when the nation was founded.
  • 1848 First Womens Rights Convention in Seneca
    Falls, NY
  • 19th Amendment in 1920 gave women the right to
  • ERA

Equality Today
  • African Americans and Women
  • Notable Gains v. Continued Struggles
  • De facto Discrimination Discrimination that is
    the result of social, economic, or cultural
    biases or conditions.
  • De jure Discrimination Discrimination based on
    the law.
  • Equality of Result Policies aimed at reducing or
    eliminating de facto discrimination.
  • Examples Affirmative action and busing

(No Transcript)
Affirmative Action
  • Affirmative Action Deliberate effort to provide
    full and equal opportunities in employment,
    education, and other areas for women, minorities,
    and individuals belonging to other disadvantaged
  • Many court cases have addressed the issue of
    affirmative action, including the following
  • Regents of CA v. Bakke (1978)
  • US Steel v. Weber (1979)
  • Wards Cove v. Atonio (1989)
  • Adarand v. Pena (1995)

  • What are some arguments in favor of and in
    opposition to affirmative action?

Civil Liberties
  • Civil Liberties Individual rights that are
    protected from infringement by government.
  • Foundation for Civil Liberties Bill of Rights
    and Interpretations of the Supreme Court

Our Civil Liberties
  • The First Amendment
  • a. Freedom of Religion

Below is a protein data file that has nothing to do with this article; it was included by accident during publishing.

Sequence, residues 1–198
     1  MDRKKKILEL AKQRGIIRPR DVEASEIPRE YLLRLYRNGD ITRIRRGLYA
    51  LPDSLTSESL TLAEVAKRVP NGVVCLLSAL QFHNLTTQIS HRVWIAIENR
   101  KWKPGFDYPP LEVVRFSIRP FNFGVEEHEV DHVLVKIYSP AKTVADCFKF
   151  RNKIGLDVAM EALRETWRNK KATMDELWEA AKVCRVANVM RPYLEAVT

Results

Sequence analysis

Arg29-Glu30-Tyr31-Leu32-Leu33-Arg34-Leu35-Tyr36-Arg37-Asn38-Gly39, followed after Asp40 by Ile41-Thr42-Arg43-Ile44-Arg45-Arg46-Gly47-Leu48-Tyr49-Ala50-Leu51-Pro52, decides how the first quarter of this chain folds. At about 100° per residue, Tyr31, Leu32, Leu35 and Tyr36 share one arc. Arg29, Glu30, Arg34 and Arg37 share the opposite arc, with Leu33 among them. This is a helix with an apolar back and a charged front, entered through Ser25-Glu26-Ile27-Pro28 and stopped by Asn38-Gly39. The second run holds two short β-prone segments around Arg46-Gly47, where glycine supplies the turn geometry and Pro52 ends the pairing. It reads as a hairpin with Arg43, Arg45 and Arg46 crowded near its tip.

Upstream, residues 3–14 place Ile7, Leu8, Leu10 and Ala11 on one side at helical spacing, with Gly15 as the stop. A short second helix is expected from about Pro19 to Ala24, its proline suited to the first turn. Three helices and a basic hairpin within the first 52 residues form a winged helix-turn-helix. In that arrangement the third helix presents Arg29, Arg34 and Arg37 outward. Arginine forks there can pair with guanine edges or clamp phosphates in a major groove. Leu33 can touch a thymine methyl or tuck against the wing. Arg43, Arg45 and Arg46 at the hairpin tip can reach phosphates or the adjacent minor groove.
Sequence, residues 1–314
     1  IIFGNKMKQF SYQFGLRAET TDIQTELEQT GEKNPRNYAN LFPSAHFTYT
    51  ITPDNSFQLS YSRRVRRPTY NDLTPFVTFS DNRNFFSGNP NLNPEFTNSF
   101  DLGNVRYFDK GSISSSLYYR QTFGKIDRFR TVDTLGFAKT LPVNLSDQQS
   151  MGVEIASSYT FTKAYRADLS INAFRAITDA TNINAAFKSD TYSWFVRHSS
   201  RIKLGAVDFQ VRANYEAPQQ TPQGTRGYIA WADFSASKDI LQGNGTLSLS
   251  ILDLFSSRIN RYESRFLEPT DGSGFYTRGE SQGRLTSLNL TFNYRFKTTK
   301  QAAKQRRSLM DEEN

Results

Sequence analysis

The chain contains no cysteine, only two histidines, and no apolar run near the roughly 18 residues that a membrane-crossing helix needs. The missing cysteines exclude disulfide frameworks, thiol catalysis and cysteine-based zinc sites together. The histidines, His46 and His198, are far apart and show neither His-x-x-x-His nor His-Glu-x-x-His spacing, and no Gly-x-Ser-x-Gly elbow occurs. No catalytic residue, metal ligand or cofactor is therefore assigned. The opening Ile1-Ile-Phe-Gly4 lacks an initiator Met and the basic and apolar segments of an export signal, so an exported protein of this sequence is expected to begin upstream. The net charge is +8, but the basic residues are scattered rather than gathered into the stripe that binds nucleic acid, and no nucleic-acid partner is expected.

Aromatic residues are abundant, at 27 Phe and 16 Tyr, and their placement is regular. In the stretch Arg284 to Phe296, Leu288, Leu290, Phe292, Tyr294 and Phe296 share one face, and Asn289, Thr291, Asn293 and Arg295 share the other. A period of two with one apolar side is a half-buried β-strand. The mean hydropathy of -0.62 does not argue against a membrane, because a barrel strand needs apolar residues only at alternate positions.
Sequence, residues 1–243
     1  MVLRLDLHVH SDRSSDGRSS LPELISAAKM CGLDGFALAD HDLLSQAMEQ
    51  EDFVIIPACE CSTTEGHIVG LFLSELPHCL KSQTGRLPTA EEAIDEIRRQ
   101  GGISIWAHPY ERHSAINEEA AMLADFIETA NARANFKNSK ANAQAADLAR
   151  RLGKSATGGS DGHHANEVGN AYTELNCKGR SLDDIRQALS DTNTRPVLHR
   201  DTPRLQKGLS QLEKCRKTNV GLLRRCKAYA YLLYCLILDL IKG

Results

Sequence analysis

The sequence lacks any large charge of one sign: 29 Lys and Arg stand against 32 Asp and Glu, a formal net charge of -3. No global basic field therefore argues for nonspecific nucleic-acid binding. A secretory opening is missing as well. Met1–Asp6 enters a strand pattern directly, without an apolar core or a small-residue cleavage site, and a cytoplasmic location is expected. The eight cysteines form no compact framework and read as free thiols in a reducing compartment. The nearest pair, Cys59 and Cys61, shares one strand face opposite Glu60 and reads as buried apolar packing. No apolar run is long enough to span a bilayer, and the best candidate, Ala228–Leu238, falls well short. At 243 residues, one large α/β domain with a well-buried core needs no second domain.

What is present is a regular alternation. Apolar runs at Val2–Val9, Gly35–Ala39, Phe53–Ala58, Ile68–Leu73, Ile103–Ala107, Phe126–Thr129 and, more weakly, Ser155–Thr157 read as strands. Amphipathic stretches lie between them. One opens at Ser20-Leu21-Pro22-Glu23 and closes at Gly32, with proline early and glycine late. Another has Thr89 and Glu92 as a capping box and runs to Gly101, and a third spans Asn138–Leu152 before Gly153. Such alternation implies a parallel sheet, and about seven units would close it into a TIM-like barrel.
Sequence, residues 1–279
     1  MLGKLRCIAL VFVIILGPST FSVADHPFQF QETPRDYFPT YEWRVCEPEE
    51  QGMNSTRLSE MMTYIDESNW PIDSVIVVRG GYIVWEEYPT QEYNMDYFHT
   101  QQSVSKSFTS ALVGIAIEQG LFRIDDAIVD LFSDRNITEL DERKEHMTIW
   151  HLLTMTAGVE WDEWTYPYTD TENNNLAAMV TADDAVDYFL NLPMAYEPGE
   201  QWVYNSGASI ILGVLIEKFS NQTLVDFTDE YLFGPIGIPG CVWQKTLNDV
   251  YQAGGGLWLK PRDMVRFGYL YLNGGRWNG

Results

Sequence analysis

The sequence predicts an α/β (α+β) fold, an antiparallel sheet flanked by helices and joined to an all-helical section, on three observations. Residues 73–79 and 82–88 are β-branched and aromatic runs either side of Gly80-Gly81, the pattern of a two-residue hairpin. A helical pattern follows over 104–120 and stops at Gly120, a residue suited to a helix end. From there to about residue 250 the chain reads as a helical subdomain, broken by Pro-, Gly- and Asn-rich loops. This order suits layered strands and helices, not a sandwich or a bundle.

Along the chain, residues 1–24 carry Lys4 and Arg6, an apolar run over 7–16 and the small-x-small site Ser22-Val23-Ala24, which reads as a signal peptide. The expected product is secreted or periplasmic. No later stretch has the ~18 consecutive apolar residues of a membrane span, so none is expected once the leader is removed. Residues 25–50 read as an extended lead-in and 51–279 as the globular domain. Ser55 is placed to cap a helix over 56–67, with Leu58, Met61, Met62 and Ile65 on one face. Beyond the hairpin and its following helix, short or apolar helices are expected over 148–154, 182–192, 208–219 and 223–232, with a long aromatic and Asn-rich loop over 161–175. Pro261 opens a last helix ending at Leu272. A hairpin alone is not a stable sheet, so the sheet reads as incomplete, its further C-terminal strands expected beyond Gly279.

• b. Freedom of Speech
  • c. Freedom of the Press
  • 2. The Second Amendment
  • The Right to Bear Arms
  • 3. The Rights of the Accused
  • 4. The Right to Privacy

Terrorism and Civil Liberties
  • The debate After 9/11, how do we prevent another
    terrorist attack?
  • Main Argument National Security should take
    precedence over civil liberties (when they
  • Counter-Argument Civil liberties should ALWAYS
    take precedence.

  • We want to be a stable, democratic system. We do
    not want to be vulnerable to terrorist attacks.
  • What happens, however, when safety and stability
    are achieved or promoted through undemocratic
    means? Is compromising civil liberties
    undemocratic when it is necessary?

The Main Argument in Support of Compromising
Civil Liberties
  • When they conflict, national security takes
    precedence over civil liberties.
  • Examples (of why this is good)
  • Foiled terrorist attacks.
  • Most Americans are unaffected.
  • Stability ensured.
  • Democratic process as watchdog.

The Counter-Argument
  • Civil liberties take precedence over National
  • Examples (of why this is bad)
  • Racial profiling
  • Japanese internment
  • Discrimination against Muslims

The Patriot Act (2001)
What do you think?
  • Does the government have the right to infringe on
    civil liberties? When? How far is too far?
  • What about racial profiling? Is racial profiling
    an acceptable deviation from the equal protection
  • Is the government protecting US citizens from
    future terrorist attacks or invading their
  • Is the Patriot Act a necessary part of life after
    September 11 or does it overstep the boundaries
    of privacy invasion?